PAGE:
What does git checkout origin do?


Suppose you cloned a repository that has a branch named “origin”, and you try to check it out:

$ git checkout origin
Note: switching to 'origin'.
You are in 'detached HEAD' state.

I’m sorry, what? It should’ve created a local “origin” branch, but it detached the HEAD instead. Believe me or not, this is the correct behaviour. To explain it, though, we’ll have to learn a bit about Git.

N.B. I’m assuming that you didn’t change Git’s default names for original remote (origin) and default branch (master). If you did, everything I say here remains valid, but you’ll have to substitute your preferred names for the default ones.

HEAD, and what it means to detach it

HEAD is Git’s notion of your current position in the repo’s history. Most of the time, it points at a branch, e.g. “master”. When you create a new commit, it’s added to that branch, but HEAD itself stays still. When you check out a new branch, HEAD is updated to match.

But you can also check out a tag, or even a random commit. In that case, HEAD would point at a specific commit. That’s what’s called a “detached HEAD” state: the HEAD is not attached to any branch. Committing something now would move the HEAD, but won’t affect any branches. That can be useful for one-off experiments, but can also lead to data loss; please see the “Detached HEAD” section of git-checkout(1).

Remote HEAD

When you’re cloning a repo, the remote’s HEAD takes up a new meaning: it’s not just the “current state” of that repo, it’s the default branch. If you ever changed the default on GitHub or GitLab, and then wondered how the clients know about your decision—that’s how.

Documentation for git remote set-head mentions the following:

Having a default branch for a remote is not required, but allows the name of the remote to be specified in lieu of a specific branch. For example, if the default branch for origin is set to master, then origin may be specified wherever you would normally specify origin/master.

That’s literally what happens in our case: git checkout origin acts like git checkout origin/master. But origin/master is a branch, so why do we end up in the “detached HEAD” state?

Remote and local branches

Why does git checkout origin/master result in a detached HEAD? Because origin/master is a remote branch. It’s your local clone’s idea of where master points to in the remote repository.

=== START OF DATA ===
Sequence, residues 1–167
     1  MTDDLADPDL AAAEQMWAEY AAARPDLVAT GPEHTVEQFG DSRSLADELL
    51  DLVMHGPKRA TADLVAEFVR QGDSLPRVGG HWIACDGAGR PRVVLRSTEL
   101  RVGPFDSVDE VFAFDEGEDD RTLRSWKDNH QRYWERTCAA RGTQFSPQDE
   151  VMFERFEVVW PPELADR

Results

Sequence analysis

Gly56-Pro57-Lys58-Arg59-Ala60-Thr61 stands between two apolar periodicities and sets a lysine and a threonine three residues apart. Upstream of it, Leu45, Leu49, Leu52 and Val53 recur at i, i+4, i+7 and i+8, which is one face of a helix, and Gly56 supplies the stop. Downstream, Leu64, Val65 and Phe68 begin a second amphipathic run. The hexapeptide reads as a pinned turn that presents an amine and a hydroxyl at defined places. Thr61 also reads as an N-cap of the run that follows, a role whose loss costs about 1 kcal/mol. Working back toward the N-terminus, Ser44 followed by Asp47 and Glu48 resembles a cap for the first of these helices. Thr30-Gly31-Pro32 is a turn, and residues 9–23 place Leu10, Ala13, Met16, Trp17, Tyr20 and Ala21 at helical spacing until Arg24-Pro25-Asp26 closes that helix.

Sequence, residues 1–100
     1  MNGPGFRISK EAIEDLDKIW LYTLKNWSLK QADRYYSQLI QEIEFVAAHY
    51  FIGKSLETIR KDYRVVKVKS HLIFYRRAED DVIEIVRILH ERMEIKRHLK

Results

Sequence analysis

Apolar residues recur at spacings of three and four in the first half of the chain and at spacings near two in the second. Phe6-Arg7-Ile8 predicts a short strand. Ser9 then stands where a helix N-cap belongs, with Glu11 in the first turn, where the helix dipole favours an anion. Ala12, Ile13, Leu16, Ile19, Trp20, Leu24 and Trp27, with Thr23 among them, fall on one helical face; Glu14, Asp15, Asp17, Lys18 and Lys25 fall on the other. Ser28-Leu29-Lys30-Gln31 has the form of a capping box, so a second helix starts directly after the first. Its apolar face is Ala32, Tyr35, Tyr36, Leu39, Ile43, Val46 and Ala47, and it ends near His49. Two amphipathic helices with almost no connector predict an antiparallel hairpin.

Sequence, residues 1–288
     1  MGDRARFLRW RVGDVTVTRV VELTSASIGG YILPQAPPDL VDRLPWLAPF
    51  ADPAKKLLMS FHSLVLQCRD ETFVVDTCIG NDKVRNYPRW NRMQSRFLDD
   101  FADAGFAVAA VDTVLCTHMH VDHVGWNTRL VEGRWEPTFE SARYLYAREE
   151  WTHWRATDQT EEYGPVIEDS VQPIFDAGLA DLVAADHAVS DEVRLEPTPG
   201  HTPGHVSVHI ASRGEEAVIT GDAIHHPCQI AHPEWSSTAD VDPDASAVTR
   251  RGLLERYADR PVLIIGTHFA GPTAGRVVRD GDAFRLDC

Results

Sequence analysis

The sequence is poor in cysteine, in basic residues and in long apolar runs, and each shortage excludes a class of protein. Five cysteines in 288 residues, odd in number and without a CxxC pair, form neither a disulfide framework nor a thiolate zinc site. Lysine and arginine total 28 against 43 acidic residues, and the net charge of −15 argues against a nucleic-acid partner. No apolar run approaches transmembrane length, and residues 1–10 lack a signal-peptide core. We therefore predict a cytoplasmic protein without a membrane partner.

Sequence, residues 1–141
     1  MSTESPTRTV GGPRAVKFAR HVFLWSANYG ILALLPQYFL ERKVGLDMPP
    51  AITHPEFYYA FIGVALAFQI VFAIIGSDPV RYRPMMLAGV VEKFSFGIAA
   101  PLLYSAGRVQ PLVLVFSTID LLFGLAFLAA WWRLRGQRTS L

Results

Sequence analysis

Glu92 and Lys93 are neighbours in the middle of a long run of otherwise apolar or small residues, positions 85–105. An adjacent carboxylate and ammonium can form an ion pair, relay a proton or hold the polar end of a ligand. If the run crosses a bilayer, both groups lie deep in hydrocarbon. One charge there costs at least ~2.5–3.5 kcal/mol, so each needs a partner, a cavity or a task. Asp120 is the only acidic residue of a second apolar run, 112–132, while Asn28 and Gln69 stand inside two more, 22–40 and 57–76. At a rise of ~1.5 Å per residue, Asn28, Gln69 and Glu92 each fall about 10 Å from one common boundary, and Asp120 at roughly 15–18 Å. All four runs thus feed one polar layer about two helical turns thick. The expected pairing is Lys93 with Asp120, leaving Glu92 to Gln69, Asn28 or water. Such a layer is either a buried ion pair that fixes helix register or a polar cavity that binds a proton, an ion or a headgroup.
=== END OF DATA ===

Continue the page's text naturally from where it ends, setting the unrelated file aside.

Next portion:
A crucial difference between the origin/master and your local master is how they are updated:

As a result, it doesn’t make sense for Git to point HEAD at a remote branch: your local commands like git commit won’t be able to move the branch anyway. That only leaves one option: detach the HEAD and point it at the commit referenced by the remote branch.

“But wait”, I hear you cry, “Why does git checkout feature/123-improve-perf in a fresh clone doesn’t fail, then?” That’s a valid question. The key here is that feature/123-improve-perf is neither a remote branch nor a local one. There is only a remote branch named origin/feature/123-improve-perf—note the prefix. Git recognizes this situation and creates a local branch feature/123-improve-perf that tracks the remote one.

That’s all we need to know right now. For more details, please refer to the relevant chapter of Pro Git.

The answer

Putting all of the above together, we finally understand what git checkout origin does:

  1. origin gets resolved into the default branch, i.e. origin/master;
  2. origin/master is a remote branch, so checking it out results in a detached HEAD that points at the commit that’s at the tip of origin/master.

To achieve what you actually wanted, tell Git to create a branch named “origin” that points at the same commit as origin/origin:

$ git checkout -b origin origin/origin

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